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CoilTAC® Coil Thrust and Carry

[+] Author Affiliations
Rick Stewart, Tom Harper, Larry Kirspel

Superior Energy Services, New Orleans, LA

Jim Crawford

CoilTAC® Consultant

Paper No. IPC2004-0158, pp. 849-853; 5 pages
doi:10.1115/IPC2004-0158
From:
  • 2004 International Pipeline Conference
  • 2004 International Pipeline Conference, Volumes 1, 2, and 3
  • Calgary, Alberta, Canada, October 4–8, 2004
  • Conference Sponsors: International Petroleum Technology Institute
  • ISBN: 0-7918-4176-6 | eISBN: 0-7918-3737-8
  • Copyright © 2004 by ASME

abstract

In producing offshore oil and gas fields there is a need for maintaining flow assurance in the associated pipelines. Restricted and plugged pipelines result in loss of production which is loss of revenue. It is common for these pipelines to exceed the length that can be reached by conventional coiled tubing when cleaning obstructions becomes necessary. Paraffin, asphaltine’s, hydrates and sand are a few of the contaminants that can obstruct flow and cause plugging. Historically, pipeline intervention has been limited to conventional coiled tubing with a reach of only +/−5,000’. A typical maintenance practice involved “pigging” the pipeline with a poly foam pig to remove any obstruction. Under severe conditions multiple pigs with graduated ODs were used. The problem with the poly foam pig is that the flexibility allows it to be forced through a smaller ID, leaving the restriction in place. CoilTAC® (Coil Thrust and Carry), developed by Superior Energy Services, was designed specifically to extend the reach of conventional coiled tubing for pipeline intervention while negotiating a minimum 5D bend. The Thruster was designed for line sizes with internal diameters from 2.900” up. This Thruster system eliminates the compression force on the coiled tubing and has been proven to 14,800’, and it has the ability to exceed 50,000’. The Thruster utilizes a “mechanical intelligence” which is present into the thruster with takes into consideration applied force parameters prior to the cleanout procedure. The key factors are: working pressure of the pipeline, length of the pipeline and the length and size of the coiled tubing to be carried by the thruster. The forward motion of the thruster is initiated by annular pressure applied between the coiled tubing and the inside diameter of the pipeline. The pressure energizes the cups and moves the thruster forward. At a preset pressure, a check value opens inside the thruster allowing fluid to pass to the front of the tool and exit through a series of ports. This causes a washing/jetting action in front of the thruster as it moves down the pipeline. The debris that is removed from the pipeline is returned through the center of the thruster. Retrieving the thruster is accomplished by pumping down the center of the coiled tubing which applies pressure to the front of the tool to reverse the Thruster out of the pipeline. The returns during reverse thrusting are then taken on the coiled tubing/pipeline annulus. Pump pressure moves the thruster in and out of the pipeline not the coiled tubing injector, thus eliminating the helical buckling forces and extending the reach of the coiled tubing. Historically, paraffin-laden pipelines had to be abandoned and new lines laid at great expense to the operator — it was difficult to abandon subsea pipelines without complete removal. Now there is an option with the CoilTAC® system.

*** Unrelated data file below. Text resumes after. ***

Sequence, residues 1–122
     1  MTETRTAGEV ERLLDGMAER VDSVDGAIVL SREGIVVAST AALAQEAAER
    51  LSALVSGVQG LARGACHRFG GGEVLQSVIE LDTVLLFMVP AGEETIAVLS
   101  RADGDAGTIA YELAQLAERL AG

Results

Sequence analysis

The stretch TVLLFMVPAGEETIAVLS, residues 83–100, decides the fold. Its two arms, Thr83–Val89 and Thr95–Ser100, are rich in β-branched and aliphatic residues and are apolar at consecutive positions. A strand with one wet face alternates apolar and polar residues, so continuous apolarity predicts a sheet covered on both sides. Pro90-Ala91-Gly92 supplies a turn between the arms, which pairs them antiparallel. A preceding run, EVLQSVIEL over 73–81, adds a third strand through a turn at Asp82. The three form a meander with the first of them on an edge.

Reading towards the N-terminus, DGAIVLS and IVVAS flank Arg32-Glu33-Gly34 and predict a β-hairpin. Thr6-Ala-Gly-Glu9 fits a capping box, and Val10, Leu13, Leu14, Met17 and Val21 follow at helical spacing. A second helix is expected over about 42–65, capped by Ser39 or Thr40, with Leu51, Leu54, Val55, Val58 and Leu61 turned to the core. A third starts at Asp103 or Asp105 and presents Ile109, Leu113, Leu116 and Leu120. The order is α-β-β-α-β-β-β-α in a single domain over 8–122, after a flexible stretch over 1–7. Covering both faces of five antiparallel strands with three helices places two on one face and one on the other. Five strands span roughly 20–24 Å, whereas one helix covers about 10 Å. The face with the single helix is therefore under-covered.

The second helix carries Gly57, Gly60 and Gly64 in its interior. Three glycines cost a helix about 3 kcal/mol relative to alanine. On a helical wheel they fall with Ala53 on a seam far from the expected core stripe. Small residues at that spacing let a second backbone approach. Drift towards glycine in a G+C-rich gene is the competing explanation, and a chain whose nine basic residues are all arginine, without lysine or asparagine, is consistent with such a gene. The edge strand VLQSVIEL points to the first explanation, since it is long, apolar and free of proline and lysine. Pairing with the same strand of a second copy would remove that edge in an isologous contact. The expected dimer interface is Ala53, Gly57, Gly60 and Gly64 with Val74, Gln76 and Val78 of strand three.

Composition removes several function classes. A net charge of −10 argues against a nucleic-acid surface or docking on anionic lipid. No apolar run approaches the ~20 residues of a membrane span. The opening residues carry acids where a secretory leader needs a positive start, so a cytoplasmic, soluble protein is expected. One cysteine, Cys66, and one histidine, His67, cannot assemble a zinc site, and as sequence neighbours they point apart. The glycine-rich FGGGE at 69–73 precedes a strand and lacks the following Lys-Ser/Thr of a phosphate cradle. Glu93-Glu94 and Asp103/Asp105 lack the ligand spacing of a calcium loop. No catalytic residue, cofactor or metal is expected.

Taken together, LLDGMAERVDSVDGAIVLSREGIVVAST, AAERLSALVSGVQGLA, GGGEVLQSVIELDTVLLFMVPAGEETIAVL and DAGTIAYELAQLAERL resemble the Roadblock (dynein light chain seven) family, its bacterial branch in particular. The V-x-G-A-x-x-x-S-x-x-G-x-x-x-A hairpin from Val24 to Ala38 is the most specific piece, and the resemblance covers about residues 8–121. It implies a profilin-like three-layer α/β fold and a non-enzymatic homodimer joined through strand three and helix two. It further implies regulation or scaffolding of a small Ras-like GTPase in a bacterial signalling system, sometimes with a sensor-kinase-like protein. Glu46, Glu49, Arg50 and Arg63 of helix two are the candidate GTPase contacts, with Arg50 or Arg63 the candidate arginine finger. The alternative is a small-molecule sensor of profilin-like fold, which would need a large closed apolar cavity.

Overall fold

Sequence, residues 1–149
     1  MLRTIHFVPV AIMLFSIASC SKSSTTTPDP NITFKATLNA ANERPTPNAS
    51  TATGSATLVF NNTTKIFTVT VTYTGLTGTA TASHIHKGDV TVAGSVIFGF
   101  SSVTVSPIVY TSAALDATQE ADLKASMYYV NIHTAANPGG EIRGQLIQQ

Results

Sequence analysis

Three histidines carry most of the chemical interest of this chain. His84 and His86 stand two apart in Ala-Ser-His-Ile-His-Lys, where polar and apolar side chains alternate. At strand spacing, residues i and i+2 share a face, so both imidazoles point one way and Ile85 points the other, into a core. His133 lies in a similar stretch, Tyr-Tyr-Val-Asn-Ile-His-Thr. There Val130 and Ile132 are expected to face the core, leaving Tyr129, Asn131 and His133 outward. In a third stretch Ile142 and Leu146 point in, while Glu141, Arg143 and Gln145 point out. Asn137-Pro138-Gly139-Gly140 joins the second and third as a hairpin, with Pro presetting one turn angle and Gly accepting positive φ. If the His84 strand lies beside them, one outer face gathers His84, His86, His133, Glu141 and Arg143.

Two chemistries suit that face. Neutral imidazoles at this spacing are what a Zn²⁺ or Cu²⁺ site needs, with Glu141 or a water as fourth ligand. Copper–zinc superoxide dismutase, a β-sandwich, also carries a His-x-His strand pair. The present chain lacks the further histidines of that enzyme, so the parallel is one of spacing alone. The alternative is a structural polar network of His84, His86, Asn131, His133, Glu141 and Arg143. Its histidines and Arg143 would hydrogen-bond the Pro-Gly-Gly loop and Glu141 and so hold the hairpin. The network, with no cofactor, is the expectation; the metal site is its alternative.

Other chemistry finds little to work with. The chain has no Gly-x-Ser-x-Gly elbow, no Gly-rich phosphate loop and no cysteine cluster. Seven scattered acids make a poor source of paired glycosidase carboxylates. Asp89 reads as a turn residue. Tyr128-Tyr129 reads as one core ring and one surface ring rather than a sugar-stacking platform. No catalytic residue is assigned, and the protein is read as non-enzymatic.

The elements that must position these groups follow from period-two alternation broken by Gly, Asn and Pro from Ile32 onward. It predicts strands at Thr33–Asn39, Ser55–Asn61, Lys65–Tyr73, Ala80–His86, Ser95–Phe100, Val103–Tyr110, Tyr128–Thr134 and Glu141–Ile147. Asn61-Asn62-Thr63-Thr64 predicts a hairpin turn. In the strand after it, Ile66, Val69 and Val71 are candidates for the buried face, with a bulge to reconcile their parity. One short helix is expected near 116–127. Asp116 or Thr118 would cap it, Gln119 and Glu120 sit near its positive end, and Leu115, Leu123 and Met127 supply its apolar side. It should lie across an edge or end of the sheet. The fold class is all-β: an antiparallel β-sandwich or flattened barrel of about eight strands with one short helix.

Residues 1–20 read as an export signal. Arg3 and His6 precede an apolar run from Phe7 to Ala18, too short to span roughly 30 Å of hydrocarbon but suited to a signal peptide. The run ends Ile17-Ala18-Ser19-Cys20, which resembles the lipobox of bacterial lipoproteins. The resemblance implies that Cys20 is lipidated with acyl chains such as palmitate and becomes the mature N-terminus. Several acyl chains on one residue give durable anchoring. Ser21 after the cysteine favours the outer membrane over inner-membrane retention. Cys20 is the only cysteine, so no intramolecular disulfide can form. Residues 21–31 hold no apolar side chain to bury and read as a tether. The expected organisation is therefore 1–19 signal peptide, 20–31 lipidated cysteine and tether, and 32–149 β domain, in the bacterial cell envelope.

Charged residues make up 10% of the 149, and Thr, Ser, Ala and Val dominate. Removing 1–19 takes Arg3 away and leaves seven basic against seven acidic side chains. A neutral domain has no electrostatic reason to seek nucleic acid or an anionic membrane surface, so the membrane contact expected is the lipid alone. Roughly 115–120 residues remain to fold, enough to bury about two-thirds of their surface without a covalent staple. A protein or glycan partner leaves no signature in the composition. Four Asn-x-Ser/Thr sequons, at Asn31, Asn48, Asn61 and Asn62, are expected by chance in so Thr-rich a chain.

Copyright © 2004 by ASME
Topics: Thrust

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